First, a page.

Matthew Flinders Home joined aged care facilities in calling for more government attention on issues in the industry during a National Day of Action on Tuesday.
A small group of staff, volunteers, clients and residents of the facility gathered on the Port Lincoln foreshore Tuesday morning to support campaigns from two peak industry bodies, Aged Care Services Australia (ACSA) and Leading Age Services Australia (LASA).
Matthew Flinders Home chief executive officer Mike McKeown said more than 43 per cent of aged care facilities nationwide were operating at a loss.
He said the biggest cost to any major health organisation, including aged care was staff wages and although Matthew Flinders Home was in a good position with its staff, others across Australia would have looked at reducing staff levels already.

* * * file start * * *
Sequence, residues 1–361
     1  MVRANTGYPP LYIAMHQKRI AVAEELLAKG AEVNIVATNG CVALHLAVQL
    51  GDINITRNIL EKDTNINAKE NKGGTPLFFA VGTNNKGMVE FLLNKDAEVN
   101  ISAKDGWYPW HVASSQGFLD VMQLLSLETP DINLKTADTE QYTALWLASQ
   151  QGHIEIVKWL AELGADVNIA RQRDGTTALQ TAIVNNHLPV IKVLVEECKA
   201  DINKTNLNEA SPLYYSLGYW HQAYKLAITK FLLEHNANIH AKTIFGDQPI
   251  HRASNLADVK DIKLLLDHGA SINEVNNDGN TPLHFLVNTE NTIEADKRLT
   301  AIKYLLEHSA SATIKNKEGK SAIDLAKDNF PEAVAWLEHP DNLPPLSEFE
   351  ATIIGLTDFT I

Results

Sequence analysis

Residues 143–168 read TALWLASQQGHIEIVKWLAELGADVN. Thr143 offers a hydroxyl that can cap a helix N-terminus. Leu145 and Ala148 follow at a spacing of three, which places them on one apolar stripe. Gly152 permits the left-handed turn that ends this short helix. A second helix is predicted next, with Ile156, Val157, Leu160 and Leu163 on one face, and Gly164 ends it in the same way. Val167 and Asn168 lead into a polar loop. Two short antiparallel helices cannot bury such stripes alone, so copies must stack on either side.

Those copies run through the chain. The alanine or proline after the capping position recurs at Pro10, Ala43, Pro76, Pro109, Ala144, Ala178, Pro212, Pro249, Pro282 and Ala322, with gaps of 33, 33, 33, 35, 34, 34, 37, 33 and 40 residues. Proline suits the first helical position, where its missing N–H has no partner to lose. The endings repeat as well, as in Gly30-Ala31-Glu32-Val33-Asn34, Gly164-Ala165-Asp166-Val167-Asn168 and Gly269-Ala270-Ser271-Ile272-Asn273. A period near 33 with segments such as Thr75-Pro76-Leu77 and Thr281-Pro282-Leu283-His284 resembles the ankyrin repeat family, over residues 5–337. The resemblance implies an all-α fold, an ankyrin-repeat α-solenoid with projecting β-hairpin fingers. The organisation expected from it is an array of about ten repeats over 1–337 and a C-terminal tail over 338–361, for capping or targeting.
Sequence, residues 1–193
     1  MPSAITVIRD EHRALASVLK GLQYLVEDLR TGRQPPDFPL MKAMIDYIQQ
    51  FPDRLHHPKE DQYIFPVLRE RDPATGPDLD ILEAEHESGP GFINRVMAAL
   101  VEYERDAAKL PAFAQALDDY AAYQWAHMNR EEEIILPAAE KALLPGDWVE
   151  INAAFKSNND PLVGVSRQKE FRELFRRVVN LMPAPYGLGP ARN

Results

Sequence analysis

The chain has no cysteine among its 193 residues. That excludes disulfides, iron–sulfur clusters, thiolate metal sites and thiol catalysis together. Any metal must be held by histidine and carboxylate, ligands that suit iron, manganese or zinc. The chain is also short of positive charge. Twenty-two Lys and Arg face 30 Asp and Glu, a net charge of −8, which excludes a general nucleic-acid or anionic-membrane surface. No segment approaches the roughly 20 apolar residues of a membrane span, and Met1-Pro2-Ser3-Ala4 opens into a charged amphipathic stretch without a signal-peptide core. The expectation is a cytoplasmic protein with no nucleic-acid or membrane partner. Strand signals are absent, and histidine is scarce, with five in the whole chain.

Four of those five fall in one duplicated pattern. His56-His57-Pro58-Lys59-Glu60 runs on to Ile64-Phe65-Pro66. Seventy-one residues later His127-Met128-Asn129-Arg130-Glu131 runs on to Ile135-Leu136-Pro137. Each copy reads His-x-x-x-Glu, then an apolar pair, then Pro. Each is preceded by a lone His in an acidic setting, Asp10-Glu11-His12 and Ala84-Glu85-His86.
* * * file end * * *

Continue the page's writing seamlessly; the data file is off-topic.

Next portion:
"It's absolutely essential for the future of aged care that the government puts some attention to it," he said.
Under its 'I Care for Aged Care' campaign LASA is calling for politicians to fix the funding emergency for aged care, legislate wait times of no more than three months to access essential care and services and invest in workforce development.
ACSA's recommendations include extending the 9.5 per cent funding injection until the Royal Commission's recommendations can be implemented.
Mr McKeown said the Royal Commission would not come out with initial findings until at least October and with full findings until at least March so facilities could not afford to wait for improvements.
"Hopefully we're making a small contribution to a larger effort that's happening across Australia," he said.
Sally Perry was one of the residents who attended the gathering on the foreshore and said it was a privilege to be able to take a stand and make their presence felt.
"We're stepping to the fore to make sure our needs are acknowledged," she said.